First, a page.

Talking Points for Thanksgiving Dinner

We all have one – a family member or friend who faithfully regurgitates the weird combination of fiction and paranoia dispensed by the US-based news channel that is anything but “fair and balanced”. The US Thanksgiving holiday is approaching, and perhaps you’ll be sitting next to this loved one for the traditional dinner feast. Here are useful talking points that will help you set the record straight about two hot Smart Grid topics.

  • Renewables like wind and solar shouldn’t get subsidies, all energy sources should operate from a level playing field. Vehemently agree that there should be a level playing field for all energy sources.   Then note that the oil and gas industries received $447 billion in subsidies and tax breaks from US taxpayers since 1918, and it continues on to this day. The average subsidization of these two extremely profitable and well-established industries is more than 13 times greater than what is available to the combined renewables industries today. Therefore, a level playing field really means that either fossil fuels cease to get their tax breaks, or renewables should enjoy the same subsidies as fossil fuels. The elimination of subsidies for fossil and nuclear industries would amount to about $111 billion saved for taxpayers over the next ten years.

Highlight the jobs creation numbers from the renewables sector too. The wind industry has about 75,000 permanent jobs ranging from US-based manufacturing and installation to maintenance, sales, and marketing. The solar industry employs about 100,000 Americans on a full time basis. Add in geothermal, biofuels, hydro, and green building sectors, and that’s over 1 million clean energy jobs in the US alone.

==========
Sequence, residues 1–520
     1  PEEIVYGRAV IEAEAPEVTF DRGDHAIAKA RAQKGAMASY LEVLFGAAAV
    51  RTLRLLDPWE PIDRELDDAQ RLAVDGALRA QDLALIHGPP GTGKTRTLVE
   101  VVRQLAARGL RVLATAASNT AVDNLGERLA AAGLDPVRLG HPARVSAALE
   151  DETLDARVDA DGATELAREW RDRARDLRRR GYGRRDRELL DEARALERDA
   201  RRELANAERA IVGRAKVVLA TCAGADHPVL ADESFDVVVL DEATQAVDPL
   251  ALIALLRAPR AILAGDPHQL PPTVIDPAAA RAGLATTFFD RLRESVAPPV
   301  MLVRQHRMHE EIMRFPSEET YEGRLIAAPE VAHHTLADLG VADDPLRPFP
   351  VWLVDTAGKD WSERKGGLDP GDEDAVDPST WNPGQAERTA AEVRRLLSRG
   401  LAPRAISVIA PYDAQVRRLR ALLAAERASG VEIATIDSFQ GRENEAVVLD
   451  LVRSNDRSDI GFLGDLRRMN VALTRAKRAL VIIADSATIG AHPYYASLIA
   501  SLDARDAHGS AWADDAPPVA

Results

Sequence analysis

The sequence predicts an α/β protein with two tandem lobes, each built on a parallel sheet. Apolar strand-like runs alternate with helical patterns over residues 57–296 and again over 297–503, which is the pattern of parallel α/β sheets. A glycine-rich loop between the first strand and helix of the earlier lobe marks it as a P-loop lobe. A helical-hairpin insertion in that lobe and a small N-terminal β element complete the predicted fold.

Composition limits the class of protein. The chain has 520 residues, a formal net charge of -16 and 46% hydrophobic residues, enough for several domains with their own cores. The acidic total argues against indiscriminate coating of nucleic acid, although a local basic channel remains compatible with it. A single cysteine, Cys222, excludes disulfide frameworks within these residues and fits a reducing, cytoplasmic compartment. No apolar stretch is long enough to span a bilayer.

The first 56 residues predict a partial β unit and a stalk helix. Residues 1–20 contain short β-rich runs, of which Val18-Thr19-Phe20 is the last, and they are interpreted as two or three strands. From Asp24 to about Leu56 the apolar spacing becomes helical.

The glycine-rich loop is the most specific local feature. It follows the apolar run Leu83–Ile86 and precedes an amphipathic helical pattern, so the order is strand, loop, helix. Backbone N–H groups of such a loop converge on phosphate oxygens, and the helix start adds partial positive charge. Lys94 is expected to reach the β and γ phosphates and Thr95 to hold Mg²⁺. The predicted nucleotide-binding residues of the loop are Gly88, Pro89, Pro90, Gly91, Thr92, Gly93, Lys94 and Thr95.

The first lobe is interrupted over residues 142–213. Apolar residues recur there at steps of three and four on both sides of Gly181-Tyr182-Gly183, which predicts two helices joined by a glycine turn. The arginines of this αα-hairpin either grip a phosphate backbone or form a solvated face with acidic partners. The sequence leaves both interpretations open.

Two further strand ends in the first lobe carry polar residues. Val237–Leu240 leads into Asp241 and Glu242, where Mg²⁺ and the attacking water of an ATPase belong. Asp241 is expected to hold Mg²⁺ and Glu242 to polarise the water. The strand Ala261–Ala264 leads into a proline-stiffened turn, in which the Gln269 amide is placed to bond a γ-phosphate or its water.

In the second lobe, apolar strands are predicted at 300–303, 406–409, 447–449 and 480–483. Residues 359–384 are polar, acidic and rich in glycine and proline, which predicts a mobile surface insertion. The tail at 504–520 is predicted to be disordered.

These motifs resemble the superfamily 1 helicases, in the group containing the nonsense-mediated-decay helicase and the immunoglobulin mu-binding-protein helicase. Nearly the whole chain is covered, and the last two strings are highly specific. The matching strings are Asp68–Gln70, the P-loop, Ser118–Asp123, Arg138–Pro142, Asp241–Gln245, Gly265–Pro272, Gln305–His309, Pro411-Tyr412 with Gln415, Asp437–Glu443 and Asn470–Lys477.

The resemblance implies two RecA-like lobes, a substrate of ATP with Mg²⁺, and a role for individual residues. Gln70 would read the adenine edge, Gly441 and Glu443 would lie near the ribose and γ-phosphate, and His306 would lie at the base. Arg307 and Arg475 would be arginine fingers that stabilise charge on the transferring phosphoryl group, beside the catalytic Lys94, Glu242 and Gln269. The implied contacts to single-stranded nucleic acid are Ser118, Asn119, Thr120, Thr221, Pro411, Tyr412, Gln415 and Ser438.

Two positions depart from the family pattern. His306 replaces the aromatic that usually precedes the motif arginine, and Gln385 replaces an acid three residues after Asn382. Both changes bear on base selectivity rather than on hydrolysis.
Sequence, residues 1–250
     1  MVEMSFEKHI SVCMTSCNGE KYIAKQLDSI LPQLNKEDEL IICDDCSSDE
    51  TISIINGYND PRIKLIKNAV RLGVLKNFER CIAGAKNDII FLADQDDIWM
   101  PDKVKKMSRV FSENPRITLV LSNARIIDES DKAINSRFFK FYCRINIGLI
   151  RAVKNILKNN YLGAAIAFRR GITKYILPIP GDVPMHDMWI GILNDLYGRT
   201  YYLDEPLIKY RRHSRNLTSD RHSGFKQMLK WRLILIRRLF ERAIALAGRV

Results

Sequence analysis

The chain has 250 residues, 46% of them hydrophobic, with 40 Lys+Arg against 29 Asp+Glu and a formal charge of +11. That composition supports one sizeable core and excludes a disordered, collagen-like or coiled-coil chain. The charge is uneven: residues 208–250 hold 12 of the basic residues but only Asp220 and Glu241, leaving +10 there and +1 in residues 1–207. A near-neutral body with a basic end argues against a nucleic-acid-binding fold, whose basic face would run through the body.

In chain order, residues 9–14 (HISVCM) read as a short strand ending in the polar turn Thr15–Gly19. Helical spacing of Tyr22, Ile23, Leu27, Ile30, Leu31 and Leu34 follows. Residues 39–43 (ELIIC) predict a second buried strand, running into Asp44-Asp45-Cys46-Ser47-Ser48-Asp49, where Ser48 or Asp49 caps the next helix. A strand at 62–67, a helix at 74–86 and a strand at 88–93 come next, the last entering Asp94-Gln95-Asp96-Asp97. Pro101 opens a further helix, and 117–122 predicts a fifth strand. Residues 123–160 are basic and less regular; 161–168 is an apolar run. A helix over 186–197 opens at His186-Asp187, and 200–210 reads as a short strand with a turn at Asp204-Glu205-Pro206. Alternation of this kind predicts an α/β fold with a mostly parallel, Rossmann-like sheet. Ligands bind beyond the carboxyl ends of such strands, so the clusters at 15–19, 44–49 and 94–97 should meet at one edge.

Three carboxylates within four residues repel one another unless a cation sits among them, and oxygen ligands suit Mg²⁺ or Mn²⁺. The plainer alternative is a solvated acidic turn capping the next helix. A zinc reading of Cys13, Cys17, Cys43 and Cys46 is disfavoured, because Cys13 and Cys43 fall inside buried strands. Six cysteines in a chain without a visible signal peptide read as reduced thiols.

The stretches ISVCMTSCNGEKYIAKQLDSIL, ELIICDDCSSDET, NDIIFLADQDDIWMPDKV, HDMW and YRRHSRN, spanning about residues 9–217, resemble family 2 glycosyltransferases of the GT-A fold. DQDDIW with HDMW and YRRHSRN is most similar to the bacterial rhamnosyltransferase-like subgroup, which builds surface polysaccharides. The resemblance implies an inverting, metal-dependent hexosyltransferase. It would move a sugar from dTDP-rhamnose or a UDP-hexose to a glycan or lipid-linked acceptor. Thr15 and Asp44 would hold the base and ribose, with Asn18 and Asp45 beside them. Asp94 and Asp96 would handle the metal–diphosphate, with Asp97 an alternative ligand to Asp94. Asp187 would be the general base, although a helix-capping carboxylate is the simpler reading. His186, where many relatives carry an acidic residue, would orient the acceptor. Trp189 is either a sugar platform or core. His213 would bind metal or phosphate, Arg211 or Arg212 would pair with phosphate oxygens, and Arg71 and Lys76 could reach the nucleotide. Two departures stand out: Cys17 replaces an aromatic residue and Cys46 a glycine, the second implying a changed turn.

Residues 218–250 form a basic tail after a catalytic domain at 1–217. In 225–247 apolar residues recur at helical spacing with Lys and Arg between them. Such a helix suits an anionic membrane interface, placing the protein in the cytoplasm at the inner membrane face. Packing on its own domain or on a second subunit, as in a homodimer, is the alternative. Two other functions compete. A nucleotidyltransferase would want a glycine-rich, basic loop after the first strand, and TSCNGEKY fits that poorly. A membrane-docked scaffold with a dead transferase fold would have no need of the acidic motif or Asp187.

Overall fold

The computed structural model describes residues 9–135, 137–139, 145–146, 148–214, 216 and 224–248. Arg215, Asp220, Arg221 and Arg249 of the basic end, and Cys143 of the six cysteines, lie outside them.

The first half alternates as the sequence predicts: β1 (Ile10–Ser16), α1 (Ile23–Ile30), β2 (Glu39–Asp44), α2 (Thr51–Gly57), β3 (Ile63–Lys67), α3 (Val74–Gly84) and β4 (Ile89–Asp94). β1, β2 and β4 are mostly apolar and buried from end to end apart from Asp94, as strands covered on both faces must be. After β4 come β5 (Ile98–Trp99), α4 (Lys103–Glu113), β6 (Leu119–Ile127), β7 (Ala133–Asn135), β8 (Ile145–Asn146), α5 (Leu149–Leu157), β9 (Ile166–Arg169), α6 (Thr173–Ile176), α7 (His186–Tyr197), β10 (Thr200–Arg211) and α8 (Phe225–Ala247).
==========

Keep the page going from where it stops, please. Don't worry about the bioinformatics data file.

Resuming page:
There’s another compelling value proposition for renewables over energy sources like oil and gas. Price and supply certainty. Oil and gas prices exhibit regular price volatility, and have been subject to many supply disruptions – some deliberately caused and others resulting from natural catastrophes. The sun and wind don’t have a history of colluding to throttle back supply and drive up prices.

  • Remember Solyndra! If the conversation shifts to the bankruptcies of companies that received money from the Department of Energy’s Loan Guarantee Program, you can again agree that it’s a shame that these companies failed. However, even the most successful venture capital firms have some stinkers in their investment portfolios. Two recent studies of VC investments revealed that 65% – 68% of their investments were money-losing deals. In contrast, the Loan Guarantee program, which helps new technology projects and companies cross the chasm from promising solution to commercial market deployment is now making money for taxpayers, with a 98% success rate. Tesla Motors repaid its $465 million dollar loan 9 years early. A bonus talking point is to note that this program, designed to provide low-cost financing for innovations, was created during the George W. Bush administration.

There’s a convenient website where many additional talking points can be obtained thanks to the American Council on Renewable Energy (ACORE).   Happy Thanksgiving to my American readers!


The Smart Grid – It’s More Than Grid Modernization, It’s Grid Transformation

The Smart Grid is all about grid modernization and transformation. When we modernize the grid, we update technologies, but leave in place existing energy sources, existing business models, and existing policies.  When we transform the grid, we exchange old energy sources for new ones, reinvent business models, and revise policies to support the transformations.  Of the two, transformation is ultimately a much more difficult objective but it also holds the greatest rewards.  Why?  Simply put, transformation delivers energy and economic security.

The current grid has taken modern society as far as it can, but we’ve seen its shortcomings magnified on a global scale over the past few years.  Reliance on fossil fuels for electricity generation and transportation has real downsides to the health of the citizens of Beijing.  Their ongoing “airpocalypse” of hazardous air quality is a public health emergency.  In the USA, reliance on centralized, just in time generation has expensive downsides to our economic vitality as witnessed in prolonged outages caused by derechos and hurricanes.  A grid that is built to meet performance expectations based solely on reliability and not on resiliency cannot adequately support an electron-based economy.